Bryan Fischer
The issue: the color of your heart, not the color of your skin
By Bryan Fischer
July 15, 2013

Follow me on Twitter: @BryanJFischer, on Facebook at "Focal Point"

In the wake of the eminently just verdict in the George Zimmerman trial, wingers on the left are issuing their tired call for another "conversation" about race.

Speaking for myself, I have had it up to here with the conversation about race. We have talked that issue to death. In fact, the more we talk about it, the worse the racial atmosphere in America gets. We keep this up, we'll turn ourselves into an utterly balkanized country with no resemblance to the Founders vision of a united culture with a set of transcendent values at our core.

We need to terminate the conversation about race with extreme prejudice, if you'll pardon the turn of phrase, and start a national conversation about character instead.

This is the only way to fulfill the dream of Martin Luther King, Jr., who famously said, "I have a dream that my four little children will one day live in a nation where they will not be judged by the color of their skin, but by the content of their character."

Notice, by the way, that Rev. King did not fall for the sophomoric pabulum that we are not to pass judgment on others. He invited others to pass judgment on his own children. In fact, he dreamed of the day when they would be judged. But his dream was that judgment would be based on character and not skin color.

If we have any hope of realizing Rev. King's noble dream, it's time to make character the issue and just stop talking about race altogether.

The bottom line is that what mattered to Dr. King, and all that should matter to us, is the color of a man's heart and not the color of his skin.

I fully agree with Dr. King that it's time to unapologetically affirm the truth that while skin color counts for nothing, character counts for everything. Every man should rightly be held to account for his actions and his behavior, because those are the things that reveal character. As a wise man once said, "You will recognize them by their fruits," because a healthy tree produces good fruit and a bad tree produces diseased fruit.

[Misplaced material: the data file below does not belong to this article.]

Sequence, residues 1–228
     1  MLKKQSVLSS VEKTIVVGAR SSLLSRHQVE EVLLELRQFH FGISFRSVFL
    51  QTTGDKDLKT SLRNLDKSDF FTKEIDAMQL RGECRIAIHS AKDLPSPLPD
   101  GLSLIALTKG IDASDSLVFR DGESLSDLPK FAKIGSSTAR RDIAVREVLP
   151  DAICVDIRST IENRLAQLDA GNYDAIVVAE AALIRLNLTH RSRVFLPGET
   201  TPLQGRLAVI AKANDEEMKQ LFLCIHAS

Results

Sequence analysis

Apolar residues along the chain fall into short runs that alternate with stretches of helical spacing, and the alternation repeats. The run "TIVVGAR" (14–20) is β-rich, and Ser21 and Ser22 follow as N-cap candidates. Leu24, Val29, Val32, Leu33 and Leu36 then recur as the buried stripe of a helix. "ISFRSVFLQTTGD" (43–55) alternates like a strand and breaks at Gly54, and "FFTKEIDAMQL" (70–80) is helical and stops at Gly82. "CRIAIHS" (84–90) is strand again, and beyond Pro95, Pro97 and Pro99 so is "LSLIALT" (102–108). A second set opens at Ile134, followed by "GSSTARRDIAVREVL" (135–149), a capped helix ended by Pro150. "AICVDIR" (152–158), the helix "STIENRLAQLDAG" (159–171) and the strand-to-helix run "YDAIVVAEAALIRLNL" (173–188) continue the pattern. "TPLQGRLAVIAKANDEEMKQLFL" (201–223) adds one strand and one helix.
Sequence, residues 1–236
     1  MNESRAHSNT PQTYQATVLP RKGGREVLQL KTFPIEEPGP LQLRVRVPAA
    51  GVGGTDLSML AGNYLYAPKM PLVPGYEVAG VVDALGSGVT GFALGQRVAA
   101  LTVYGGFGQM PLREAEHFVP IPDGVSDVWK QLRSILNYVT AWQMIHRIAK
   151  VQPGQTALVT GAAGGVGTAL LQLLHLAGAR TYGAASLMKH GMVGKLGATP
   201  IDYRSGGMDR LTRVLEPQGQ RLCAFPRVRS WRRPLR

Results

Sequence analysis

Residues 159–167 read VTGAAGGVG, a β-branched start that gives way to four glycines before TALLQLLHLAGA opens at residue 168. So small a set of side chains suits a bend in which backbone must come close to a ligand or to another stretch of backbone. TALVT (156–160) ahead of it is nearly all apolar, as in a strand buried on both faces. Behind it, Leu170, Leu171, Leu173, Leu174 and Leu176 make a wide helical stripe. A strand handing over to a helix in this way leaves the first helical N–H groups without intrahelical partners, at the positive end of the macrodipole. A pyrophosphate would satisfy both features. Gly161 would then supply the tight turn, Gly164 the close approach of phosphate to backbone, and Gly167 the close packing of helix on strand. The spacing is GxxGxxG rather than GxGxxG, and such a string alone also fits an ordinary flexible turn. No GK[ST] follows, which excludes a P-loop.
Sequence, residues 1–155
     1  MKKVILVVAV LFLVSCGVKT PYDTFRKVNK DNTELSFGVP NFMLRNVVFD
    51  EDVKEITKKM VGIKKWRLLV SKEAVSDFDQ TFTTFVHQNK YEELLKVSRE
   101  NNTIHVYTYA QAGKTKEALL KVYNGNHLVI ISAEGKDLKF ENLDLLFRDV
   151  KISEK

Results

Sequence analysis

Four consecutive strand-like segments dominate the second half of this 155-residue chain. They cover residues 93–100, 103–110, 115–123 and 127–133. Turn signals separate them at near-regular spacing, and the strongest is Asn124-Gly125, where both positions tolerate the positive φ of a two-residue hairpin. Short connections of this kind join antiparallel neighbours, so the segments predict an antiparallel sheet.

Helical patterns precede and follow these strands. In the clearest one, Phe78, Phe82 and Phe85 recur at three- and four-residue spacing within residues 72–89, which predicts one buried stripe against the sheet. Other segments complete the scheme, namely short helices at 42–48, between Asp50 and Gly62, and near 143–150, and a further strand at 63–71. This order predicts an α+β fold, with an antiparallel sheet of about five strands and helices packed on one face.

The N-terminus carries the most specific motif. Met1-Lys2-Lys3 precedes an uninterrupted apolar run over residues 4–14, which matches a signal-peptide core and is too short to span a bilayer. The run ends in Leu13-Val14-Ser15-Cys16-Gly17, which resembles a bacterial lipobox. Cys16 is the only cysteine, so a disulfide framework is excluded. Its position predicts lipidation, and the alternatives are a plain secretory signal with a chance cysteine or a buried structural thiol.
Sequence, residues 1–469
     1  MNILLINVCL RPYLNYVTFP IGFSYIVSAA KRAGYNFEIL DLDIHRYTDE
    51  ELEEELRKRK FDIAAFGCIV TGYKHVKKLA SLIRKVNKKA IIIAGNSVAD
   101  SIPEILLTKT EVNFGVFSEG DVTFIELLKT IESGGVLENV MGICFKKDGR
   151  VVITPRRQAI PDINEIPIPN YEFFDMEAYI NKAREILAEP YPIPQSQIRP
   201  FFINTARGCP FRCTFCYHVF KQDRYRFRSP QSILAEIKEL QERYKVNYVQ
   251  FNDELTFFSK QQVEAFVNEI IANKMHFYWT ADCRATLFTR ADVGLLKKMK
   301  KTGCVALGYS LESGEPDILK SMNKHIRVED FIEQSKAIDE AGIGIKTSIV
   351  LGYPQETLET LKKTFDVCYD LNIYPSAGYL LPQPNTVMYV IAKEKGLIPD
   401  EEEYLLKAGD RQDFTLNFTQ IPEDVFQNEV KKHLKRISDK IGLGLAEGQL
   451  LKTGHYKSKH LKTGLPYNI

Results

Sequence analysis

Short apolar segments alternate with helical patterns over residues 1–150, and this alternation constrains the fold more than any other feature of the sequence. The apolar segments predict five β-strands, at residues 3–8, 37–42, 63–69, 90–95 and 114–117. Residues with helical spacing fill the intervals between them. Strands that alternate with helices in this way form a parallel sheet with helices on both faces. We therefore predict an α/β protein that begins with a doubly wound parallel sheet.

Now if we going to fulfill Dr. King's dream of a color-blind but character-based society, we must have a transcendent standard of character and conduct by which to measure the conduct of men. A standard that applies to all men in every place at every station in life, including public office. That standard is found in the commandments that God gave to Moses on the mount.

Here are the central questions that count in measuring a man's character. Does he worship and serve the true and living God as revealed in the Scriptures? Does he show reverence for that God by refusing to use his name in vulgar and profane ways? If he worships a counterfeit God and freely uses profanity, he fails the character test.

Does he show honor and respect for his own parents, and for the sacred institution of the nuclear family, rooted in the marriage of one man to one woman? Is he faithful to his own wife, and does he support raising the standard of marital commitment in public policy? Does he believe that sexual expression should be reserved exclusively for the marriage relationship between a husband and wife? If he does not, he fails the character test.

Does he believe in the sanctity of human life and not only refrain from taking innocent life himself, but work to protect innocent life from the moment of concept to the end of natural life? If he supports the destruction of human life in the womb, he fails the character test.

Does he not only refuse to take what does not belong to him, whether through outright theft or government corruption, but does he work to prevent the legalized theft government commits through the involuntary transfer of wealth?

Does not he not only tell the truth himself, but hold others, including public servants, to the standard of truth, especially when testifying under oath? Will he pursue legal redress against any witness or public official who lies after taking an oath in the name of God to tell the truth?

Let's realize Dr. King's dream and have done with this constant, depressing, and anger-inducing talk about race. It's time to elevate the conversation and make it about the things that matter.

(Unless otherwise noted, the opinions expressed are the author's and do not necessarily reflect the views of the American Family Association or American Family Radio.)

© Bryan Fischer


The views expressed by RenewAmerica columnists are their own and do not necessarily reflect the position of RenewAmerica or its affiliates.
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